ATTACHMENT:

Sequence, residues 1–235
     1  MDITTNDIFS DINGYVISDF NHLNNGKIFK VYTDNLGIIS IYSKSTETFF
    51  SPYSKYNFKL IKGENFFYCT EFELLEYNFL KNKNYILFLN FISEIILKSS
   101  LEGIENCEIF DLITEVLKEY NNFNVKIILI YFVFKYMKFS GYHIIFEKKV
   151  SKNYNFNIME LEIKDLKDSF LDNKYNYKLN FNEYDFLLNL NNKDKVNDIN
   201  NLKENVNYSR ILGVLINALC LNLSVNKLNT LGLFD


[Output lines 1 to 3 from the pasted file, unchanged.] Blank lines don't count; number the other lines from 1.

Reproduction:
Sequence, residues 1–235
     1  MDITTNDIFS DINGYVISDF NHLNNGKIFK VYTDNLGIIS IYSKSTETFF
    51  SPYSKYNFKL IKGENFFYCT EFELLEYNFL KNKNYILFLN FISEIILKSS